Welcome to our newest alumni

The value in short-term work

Making short-term plans is often part of our career journeys after graduation, but temporary, seasonal and stop-gap roles don't have to feel like treading water. We spoke with a group of Edinburgh graduates who tell us how taking on short-term jobs and being open-minded about experiences has enhanced their skillset and subsequent career choices.

Jamie

Jamie

Economics and Politics (2021), and now studying for his masters.

The experience that has been perhaps the most unexpected but rewarding for me was founding an events management start-up, something I work on in my spare time. When I was an undergrad student, I loved making the most of the Edinburgh nightlife scene. I delved into it as soon as I arrived as a fresher and was fascinated to learn that some of the city’s largest nightclub events were being organised by students. It inspired me to learn the business and involve myself. Fast forward a few years, and I have established and now run two weekly club nights. I have loved the practice of negotiating with nightclubs and brands, and building a team around me, and the business and organisational skills I've developed are invaluable.

Ariana

Ariana

Public Health (2021). Currently working in a non-profit focused on patient safety.

One temporary position I remember well was when I decided to go the unconventional route to find work. I applied to take part in some research studies where I’d be paid a few pounds at a time to participate. Some of the studies I remember were audio related where I had to go into a room with headphones and a microphone and decipher what was being said in through the headphones and repeat it into the microphone. I was told that particular one was going to help Siri get better. They were a lot of fun and I learned that even the most peculiar or low-paid jobs can help you grow. I still had to show up on time to get paid and I had to have a sharp mind - it kept me going.

Niels

Niels

International Relations (2019). Niels is now working in various United Nations programmes.

I've had a few part-time seasonal jobs that certainly had an impact on me. These include interning at the Ecuadorian Permanent Mission to the UN in Geneva, working for a catering company in Edinburgh, and working for two consecutive years as a Counsellor with the Oxford Royale Academy, the UK's most established and innovative summer school provider. 

Looking back at things you did while a student  and finding what skillset they might have given you, is really useful, too. For example, a job I took while still studying and that I believe made me in some ways more "employable" after graduation was working as a student caller at the Alumni Office where I helped fundraise for the University's learning and development grants,

The different jobs I've done have really enabled me to develop and enhance certain professional and interpersonal skills as well as given me the opportunity to expand my network and gain work experience in different contexts and environments. 

Gemma

Gemma

International Relations (2018), Environmental Sustainability (2020), and now a Scottish government researcher.

My advice to any new graduate would be ‘trust the process’. When I first graduated and didn’t land that dream job straight away, I felt like I had failed. However, it set me on a path that I didn’t think was possible for me. Looking back I realise that all experiences are valuable. It forced me to really tune into what I want out of life, and it took me right back to the University of Edinburgh! Be kind to yourself and trust in the process – things will work out.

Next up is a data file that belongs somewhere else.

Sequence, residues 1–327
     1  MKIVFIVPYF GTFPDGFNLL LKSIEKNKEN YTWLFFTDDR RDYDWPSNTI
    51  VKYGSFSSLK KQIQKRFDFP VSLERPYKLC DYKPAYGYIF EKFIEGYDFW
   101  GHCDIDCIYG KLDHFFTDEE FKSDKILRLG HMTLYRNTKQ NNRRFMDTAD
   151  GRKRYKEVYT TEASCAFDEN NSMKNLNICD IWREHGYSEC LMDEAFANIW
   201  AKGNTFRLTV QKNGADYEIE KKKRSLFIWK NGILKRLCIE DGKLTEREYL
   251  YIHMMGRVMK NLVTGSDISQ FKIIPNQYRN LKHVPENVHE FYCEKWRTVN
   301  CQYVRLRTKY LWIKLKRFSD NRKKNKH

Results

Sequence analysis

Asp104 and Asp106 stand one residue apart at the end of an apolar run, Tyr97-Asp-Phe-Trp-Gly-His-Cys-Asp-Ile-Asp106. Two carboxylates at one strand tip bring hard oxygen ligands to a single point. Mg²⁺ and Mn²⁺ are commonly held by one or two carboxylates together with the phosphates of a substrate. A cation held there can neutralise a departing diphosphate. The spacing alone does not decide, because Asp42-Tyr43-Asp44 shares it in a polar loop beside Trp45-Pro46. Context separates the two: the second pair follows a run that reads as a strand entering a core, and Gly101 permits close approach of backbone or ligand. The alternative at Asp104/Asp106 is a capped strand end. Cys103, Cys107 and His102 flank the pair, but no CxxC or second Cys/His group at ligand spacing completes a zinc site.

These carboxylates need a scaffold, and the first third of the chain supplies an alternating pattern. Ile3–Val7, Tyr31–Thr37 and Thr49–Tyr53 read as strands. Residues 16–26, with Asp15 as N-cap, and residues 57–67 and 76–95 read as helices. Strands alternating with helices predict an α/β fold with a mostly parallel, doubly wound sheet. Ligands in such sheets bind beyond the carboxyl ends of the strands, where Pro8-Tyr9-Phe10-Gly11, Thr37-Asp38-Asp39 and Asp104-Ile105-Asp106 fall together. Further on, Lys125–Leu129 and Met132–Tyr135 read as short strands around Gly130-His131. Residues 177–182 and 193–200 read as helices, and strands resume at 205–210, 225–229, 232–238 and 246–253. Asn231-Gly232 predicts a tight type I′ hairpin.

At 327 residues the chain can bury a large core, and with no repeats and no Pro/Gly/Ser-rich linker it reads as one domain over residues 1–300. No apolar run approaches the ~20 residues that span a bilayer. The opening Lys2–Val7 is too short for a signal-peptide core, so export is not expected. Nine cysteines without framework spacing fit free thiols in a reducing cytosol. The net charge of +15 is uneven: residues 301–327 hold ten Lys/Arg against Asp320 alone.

Patricia

Patricia

Performance Costume (2018) - Patti recently retrained as a teacher.

After graduation I found jobs in different cities and started an itinerant lifestyle. There were difficult times and big decisions to be made in terms of the flexibility of my geographical location and I threw myself into new opportunities and changes with a positive mindset.

I believe that building community is key for personal and collective survival in any profession. Be strategic in your approach when accepting jobs. Building up a clear specialised skillset and direction in your career, will help you define yourself as a professional. Keep strong, remain faithful to your ideals and connect with your community of practice. Exercise your resilience and take care of your mental health treasuring your time when you are not working.

Nicolas

Nicolas

Ecological Economics (2012), currently working as a coach, blacksmith and conservationist.

Look for opportunities beyond your traditional career trajectory. I was also fortunate to find a master blacksmith just outside Edinburgh who took me on as an apprentice during my degree. While I left Scotland after my degree, these foundational experiences continued to grow and eventually coalesced when I was given the opportunity to write an instructional book on blacksmithing. 

Janmejoy

Janmejoy

International Business and Emerging Markets (2016), and now working in Indian trade promotion.

By the time my masters was over, I had a total of eight years of education and career experience after high school. Whether a career could be both fun and challenging was still a question for me. So I wanted to test my capabilities and learnings in a different way.

I took a junior role in the creative field in Mumbai, India. It took a lot of courage and patience to convince my parents and, importantly, strength to tread a path where I hadn't intend to.

I did theatre, some acting classes, learned the business model - including how the business works in one of the world's biggest entertainment industry, Bollywood. And after about a year spent in the entertainment industry, I joined a top Germany-based consulting firm, using the very transferable skills I had learned, and flourished from there.